Indonesia has instituted wide-ranging educational reforms over the past 20 years, but recent international assessments of student learning indicate that these reforms may not have translated into learning gains. The country is performing comparatively poorly and worse than its regional neighbours. To examine the relationship between schooling completed and learning gains, and how that changed over time, we developed learning profiles using 5 rounds of data from the Indonesian Family Life Survey (IFLS). We show that Indonesia has succeeded in achieving high levels of school enrolment and attainment, with particular gains concentrated in junior secondary and senior secondary school between 2000 and 2014. However, we also find a large gap between students’ mathematical ability and what should be known based on the education curriculum. Absolute learning levels as well as marginal learning levels are low, meaning that students are learning little as they are promoted through grades. Even high school graduates struggle to correctly answer numeracy problems that should have been mastered in primary school and learning is decreasing slightly over time. We extend our analysis by identifying characteristics of children who are educationally left behind: children who are performing particularly poorly compared to their peers. Children with low numeracy levels are more likely to live in Eastern Indonesia, in rural areas, and be older and male. Our findings, albeit limited to a narrow set of test items, demonstrate the incredibly slow pace of learning occurring throughout Indonesia, and reiterate the importance of focusing system reforms on learning progress.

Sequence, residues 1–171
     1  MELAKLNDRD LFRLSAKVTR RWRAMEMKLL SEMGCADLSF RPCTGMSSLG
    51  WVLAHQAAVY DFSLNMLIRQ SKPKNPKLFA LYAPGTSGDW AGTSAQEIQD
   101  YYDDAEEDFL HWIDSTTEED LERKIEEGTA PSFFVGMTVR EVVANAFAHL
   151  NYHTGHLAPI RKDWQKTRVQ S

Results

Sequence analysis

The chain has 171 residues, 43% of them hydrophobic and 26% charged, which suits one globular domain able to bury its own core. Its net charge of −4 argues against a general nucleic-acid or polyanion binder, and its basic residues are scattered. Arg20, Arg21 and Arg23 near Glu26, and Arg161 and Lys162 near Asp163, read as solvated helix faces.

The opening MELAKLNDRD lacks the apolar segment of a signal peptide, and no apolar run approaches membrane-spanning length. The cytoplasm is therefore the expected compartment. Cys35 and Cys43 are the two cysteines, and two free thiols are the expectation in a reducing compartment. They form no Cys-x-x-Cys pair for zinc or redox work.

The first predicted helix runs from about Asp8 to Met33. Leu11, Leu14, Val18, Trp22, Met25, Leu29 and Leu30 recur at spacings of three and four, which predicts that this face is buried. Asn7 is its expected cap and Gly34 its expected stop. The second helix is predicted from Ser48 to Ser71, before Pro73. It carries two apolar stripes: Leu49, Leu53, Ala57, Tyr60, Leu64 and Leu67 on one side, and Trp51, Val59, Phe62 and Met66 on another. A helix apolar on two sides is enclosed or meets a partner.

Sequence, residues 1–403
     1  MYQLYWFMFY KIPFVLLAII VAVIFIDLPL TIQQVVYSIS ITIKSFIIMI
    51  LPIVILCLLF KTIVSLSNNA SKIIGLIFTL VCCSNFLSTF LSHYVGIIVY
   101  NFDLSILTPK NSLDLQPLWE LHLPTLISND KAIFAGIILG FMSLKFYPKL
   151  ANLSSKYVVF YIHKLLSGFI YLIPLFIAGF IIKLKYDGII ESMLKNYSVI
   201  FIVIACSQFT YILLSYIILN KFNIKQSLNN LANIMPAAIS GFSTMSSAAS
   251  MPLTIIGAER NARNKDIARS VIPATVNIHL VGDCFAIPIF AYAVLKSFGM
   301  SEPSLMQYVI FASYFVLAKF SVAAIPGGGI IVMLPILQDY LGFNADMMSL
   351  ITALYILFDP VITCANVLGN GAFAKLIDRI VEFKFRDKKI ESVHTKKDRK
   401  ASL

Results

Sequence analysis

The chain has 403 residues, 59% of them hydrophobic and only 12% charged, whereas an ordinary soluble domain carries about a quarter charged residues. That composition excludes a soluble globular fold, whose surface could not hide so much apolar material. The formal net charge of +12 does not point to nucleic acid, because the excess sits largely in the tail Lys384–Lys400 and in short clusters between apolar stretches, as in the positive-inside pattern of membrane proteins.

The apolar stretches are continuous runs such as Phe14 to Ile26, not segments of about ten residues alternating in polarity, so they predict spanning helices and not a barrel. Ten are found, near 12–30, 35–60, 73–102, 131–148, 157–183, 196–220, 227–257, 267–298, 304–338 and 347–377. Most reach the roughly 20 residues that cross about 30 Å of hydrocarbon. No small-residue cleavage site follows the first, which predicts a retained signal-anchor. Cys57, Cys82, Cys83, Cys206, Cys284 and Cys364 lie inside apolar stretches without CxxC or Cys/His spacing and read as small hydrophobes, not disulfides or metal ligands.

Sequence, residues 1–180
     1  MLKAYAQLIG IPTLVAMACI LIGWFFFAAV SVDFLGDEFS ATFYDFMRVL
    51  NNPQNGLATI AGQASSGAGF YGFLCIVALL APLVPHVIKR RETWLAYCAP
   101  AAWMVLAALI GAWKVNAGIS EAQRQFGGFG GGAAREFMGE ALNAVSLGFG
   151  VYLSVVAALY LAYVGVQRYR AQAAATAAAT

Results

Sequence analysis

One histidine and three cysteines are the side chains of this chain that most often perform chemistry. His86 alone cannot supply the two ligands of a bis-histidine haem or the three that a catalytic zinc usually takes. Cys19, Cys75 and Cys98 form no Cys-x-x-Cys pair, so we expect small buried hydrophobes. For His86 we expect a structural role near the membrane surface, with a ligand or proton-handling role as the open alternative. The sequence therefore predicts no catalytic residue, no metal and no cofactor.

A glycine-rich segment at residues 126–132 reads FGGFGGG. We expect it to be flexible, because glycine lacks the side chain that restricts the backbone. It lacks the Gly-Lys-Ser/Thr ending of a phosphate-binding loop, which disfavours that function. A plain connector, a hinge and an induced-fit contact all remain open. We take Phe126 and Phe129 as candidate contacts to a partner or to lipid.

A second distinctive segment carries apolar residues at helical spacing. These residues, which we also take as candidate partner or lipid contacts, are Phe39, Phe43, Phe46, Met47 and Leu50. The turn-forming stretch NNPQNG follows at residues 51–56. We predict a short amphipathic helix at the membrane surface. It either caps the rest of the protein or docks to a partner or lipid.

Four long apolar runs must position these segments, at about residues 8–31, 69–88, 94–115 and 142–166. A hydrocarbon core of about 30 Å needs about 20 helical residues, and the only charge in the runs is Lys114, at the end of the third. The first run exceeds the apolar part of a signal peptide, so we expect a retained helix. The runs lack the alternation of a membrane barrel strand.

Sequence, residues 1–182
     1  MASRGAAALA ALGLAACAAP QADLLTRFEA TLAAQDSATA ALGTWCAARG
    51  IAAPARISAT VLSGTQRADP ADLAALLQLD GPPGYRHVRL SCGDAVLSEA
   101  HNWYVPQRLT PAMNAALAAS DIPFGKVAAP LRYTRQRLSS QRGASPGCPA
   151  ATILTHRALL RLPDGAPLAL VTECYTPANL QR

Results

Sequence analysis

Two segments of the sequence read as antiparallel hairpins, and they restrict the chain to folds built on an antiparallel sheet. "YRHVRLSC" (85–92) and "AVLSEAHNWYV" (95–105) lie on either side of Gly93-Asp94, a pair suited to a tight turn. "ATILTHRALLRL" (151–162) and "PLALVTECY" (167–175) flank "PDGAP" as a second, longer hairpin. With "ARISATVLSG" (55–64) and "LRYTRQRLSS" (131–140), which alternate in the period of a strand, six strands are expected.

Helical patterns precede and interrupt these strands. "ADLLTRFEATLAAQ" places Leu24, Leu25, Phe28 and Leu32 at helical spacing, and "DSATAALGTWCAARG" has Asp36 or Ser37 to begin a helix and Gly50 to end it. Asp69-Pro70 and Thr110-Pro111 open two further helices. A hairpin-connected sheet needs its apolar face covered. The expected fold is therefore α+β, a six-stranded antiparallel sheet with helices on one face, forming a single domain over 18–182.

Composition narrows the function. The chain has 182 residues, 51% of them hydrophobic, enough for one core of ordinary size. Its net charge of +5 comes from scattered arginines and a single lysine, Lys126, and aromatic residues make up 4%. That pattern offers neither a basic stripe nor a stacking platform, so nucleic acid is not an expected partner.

This paper is part of the Research on Improving Systems of Education (RISE) Programme.
Beatty, A., Berhout, E., Bima, L., Coen, T., Pradhan, M. and Suryadarma, D. (2018). RISE Working Paper 18/026 - Indonesia Got Schooled: 15 Years of Rising Enrolment and Flat Learning Profiles
Published 30 November 2018